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Game #4724
Hall of Belated Fame Inductee  Pool of Radiance    View all Top Dogs in this genre
RPG   First-person

Rating: 8.74 (185 votes)

Pool of Radiance box cover

Pool of Radiance screenshot
In the annals of RPG gaming, few series can boast of being "pioneers" of the genre more than SSI with its "Gold Box" series, all based on AD&D mechanics and worlds licensed from TSR. Of these, four games set in the "Forgotten Realms" world stand out as the best of the bunch. Comprising four games released over four years, Pool of Radiance, Curse of the Azure Bonds, Secret of the Silver Blades, and Pools of Darkness remain a lot of fun even today as some of the most addictive – albeit maddeningly combat-ridden – RPGs ever created. Pools of Radiance and Pools of Darkness are my most favorite of the series. Pool of Radiance because it was a great beginning to a solid RPG system, and Pools of Darkness because it gives you a chance to meet famous NPCs from AD&D world, marvel at the non-linear storyline, and develop your heroes to very high levels. All four games are must-haves for RPG fans everywhere, although Secret of the Silver Blades is a disappointment compared to the rest.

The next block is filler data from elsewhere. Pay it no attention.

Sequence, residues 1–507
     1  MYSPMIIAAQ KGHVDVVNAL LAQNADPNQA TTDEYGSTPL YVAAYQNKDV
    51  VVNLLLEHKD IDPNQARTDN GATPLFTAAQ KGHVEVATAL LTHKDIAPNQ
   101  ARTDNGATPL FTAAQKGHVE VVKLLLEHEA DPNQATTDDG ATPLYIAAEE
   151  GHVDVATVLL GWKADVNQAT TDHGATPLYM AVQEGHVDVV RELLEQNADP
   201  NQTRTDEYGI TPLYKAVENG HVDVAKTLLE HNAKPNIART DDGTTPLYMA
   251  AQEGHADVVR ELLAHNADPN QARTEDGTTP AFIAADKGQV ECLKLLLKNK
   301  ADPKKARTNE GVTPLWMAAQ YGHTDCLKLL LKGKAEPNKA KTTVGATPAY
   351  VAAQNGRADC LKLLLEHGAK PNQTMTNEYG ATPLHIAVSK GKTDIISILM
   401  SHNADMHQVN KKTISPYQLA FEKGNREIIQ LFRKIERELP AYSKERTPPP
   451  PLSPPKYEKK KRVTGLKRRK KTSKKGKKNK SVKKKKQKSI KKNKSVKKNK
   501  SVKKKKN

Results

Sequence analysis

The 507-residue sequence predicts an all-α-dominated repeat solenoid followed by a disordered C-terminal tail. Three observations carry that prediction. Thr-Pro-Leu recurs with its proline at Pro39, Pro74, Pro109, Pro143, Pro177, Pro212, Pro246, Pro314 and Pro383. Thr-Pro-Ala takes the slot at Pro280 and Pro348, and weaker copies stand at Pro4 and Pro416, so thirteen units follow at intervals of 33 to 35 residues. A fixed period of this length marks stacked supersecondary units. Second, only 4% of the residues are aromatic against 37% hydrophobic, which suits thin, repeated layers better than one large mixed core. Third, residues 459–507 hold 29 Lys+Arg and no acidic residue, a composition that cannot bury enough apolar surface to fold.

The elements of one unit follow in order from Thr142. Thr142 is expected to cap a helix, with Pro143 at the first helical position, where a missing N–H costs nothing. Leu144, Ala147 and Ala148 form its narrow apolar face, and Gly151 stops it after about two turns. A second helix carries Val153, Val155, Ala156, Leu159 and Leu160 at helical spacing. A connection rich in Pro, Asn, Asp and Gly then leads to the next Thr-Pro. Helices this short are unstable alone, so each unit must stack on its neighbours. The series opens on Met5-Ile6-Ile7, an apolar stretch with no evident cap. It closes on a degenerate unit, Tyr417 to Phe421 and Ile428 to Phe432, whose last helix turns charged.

GameSpot's nice History of AD&D gives a good overview of Pool of Radiance as follows: "Released in 1988, Pool of Radiance was the first of SSI's illustrious Gold Box AD&D series of games. Based in the Forgotten Realms universe on an actual AD&D campaign module, Ruins of Adventure, Pool of Radiance took the rules, statistics, and number-crunching of the pen-and-paper game and brought it to computer screens everywhere.

The game itself began in New Phlan, a small settlement built on the ashes of a once-great city. The player would assemble a mercenary party of up to six characters, with two slots open for NPCs. The adventure began with a block-by-block quest to rid the ruins of the old city from the monsters and evil spirits that had since taken residence, then later expanded to the outland areas of the Moonsea, culminating in a dramatic battle with the demon Tyranthraxus the Flamed One.

Though somewhat criticized for its limitations, such as the availability of only four character classes (fighter, magic-user, cleric and thief) and the low level cap (level nine for thieves, eight for fighters and six for spellcasters), Pool of Radiance, with its detailed art (many pictures were based directly on illustrations from existing monster manuals), wide variety of quests and treasure, and fully tactical combat ultimately succeeded in its goal of bringing a standardized form of AD&D to the home computer, and laid the foundation for other future gold box AD&D role-playing games."

Note: The interview by Matt Barton linked below starts from episode 181, but the one linked is about the Gold Box games.

Reviewed by: Underdogs
Designer: Brad Myers
Developer: Strategic Simulations Inc. (SSI)
Publisher: Strategic Simulations Inc. (SSI)
Year: 1988
Software Copyright: Strategic Simulations Inc. (SSI)
Theme: Fantasy
None that we know of
System Requirements: DOS
Where to get it:
Related Links: Interview with Joel Billings (founder of SSI)
If you like this game, try: Curse of the Azure Bonds, Secret of the Silver Blades, Pools of Darkness

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